Keywords: Carcinoma, Hepatocellular, Chemoembolization, Therapeutic, Necrosis
Hepatocellular carcinoma (HCC) is one of the most common tumors and globally is the 4th most common cause of cancer-related deaths . The majority of patients with HCC are diagnosed at the intermediate or advanced stage of the disease, and only 30% to 40% of HCC patients can be diagnosed at an early stage and undergo radical procedures, including surgical resection, local ablation, and liver transplantation [2,3]. Despite these radical procedures, the recurrence rate within 5 years is as high as 70% . Transarterial chemoembolization (TACE) is the first choice of treatment for patients with intermediate HCC, and an important treatment option for advanced HCC at the time of diagnosis [5,6].
TACE has been used for the clinical treatment of HCC for over 30 years . According to the Barcelona Clinic Liver Cancer (BCLC) treatment recommendations, TACE is the first choice of treatment for BCLC Stage B, and several studies have confirmed that BCLC Stages B and C can benefit from TACE [8–10]. The TACE procedure is the injection of an iodized oil emulsion carrying chemotherapy drugs through the tumor’s blood-supply artery and the embolization of the blood vessels with granular embolic agents, including a gelatin sponge and microspheres. The strong cytotoxic effects of the chemotherapy drugs and severe ischemia kill the tumor cells . Although the chosen embolic materials can vary, the majority of interventional physicians advocate the maximum degree of embolism to achieve maximum necrosis of the tumor. However, computed tomography (CT) imaging reveals that the manifestations of tumor necrosis after embolization are not uniform. Some lesions mainly manifest as coagulative necrosis, while others manifest as liquefactive necrosis. This study retrospectively evaluated the difference in the prognosis of the coagulative necrosis group and the liquefactive necrosis group after TACE in HCC patients receiving first-line treatment.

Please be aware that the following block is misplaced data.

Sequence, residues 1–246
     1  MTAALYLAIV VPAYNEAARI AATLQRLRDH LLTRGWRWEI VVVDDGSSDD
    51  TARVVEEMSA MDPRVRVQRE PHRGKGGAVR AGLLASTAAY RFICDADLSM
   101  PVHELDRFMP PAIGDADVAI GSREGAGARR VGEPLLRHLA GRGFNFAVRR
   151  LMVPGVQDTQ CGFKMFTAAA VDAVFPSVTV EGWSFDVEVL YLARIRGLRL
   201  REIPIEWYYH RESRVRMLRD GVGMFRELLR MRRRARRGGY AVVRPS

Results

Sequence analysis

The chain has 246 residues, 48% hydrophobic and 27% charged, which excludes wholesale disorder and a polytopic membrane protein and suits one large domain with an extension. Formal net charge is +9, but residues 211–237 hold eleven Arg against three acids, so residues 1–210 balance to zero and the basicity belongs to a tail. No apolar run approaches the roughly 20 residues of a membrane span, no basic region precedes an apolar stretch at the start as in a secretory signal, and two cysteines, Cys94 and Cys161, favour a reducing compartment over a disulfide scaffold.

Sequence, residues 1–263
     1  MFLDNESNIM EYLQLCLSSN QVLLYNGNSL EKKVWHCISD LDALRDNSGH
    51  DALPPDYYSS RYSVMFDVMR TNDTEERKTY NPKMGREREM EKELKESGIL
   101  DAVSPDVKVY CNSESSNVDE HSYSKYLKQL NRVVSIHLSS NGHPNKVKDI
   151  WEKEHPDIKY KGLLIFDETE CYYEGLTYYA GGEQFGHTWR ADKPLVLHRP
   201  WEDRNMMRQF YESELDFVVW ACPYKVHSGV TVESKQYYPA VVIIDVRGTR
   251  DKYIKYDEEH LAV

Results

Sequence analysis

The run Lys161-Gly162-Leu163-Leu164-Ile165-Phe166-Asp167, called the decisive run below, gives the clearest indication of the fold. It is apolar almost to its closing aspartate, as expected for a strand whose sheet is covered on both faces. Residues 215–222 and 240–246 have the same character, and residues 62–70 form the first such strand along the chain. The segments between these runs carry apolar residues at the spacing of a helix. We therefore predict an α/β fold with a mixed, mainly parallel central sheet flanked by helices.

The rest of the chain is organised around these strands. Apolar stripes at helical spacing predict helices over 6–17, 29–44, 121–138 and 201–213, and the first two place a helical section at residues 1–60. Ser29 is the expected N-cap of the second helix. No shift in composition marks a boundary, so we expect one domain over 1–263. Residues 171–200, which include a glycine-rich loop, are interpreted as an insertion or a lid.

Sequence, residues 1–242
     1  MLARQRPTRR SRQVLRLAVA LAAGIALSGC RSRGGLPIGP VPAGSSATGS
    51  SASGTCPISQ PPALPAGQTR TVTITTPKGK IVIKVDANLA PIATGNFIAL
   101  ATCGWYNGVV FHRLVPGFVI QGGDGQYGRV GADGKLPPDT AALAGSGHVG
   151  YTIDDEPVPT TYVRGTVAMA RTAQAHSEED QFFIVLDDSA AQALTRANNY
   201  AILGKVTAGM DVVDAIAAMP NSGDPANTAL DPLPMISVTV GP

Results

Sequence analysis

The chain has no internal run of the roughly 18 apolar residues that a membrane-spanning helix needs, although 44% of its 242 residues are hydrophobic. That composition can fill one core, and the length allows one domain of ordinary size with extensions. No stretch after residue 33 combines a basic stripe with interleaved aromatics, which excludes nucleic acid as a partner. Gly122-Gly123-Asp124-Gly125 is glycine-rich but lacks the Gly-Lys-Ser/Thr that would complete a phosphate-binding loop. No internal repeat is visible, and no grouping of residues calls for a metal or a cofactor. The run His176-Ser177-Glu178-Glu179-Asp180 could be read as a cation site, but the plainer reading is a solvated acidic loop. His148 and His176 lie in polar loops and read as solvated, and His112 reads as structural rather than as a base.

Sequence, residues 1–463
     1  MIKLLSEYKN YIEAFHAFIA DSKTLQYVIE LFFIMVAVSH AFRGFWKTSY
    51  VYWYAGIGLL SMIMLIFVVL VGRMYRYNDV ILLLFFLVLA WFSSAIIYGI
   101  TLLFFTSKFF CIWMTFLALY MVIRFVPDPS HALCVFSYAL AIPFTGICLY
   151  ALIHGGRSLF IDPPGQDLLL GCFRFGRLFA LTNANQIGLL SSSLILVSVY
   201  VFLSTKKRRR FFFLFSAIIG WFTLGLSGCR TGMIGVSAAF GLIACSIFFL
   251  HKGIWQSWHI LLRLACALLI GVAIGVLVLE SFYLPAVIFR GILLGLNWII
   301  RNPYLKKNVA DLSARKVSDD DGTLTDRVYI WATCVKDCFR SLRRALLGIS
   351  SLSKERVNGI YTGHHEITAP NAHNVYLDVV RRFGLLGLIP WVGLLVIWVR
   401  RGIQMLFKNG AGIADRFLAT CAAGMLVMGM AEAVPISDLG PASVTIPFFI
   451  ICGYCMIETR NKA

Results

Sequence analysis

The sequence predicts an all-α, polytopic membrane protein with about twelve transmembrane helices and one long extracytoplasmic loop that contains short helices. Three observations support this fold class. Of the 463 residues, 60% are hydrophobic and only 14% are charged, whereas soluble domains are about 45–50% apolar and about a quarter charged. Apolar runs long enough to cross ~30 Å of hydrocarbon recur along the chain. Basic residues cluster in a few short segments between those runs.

Material and Methods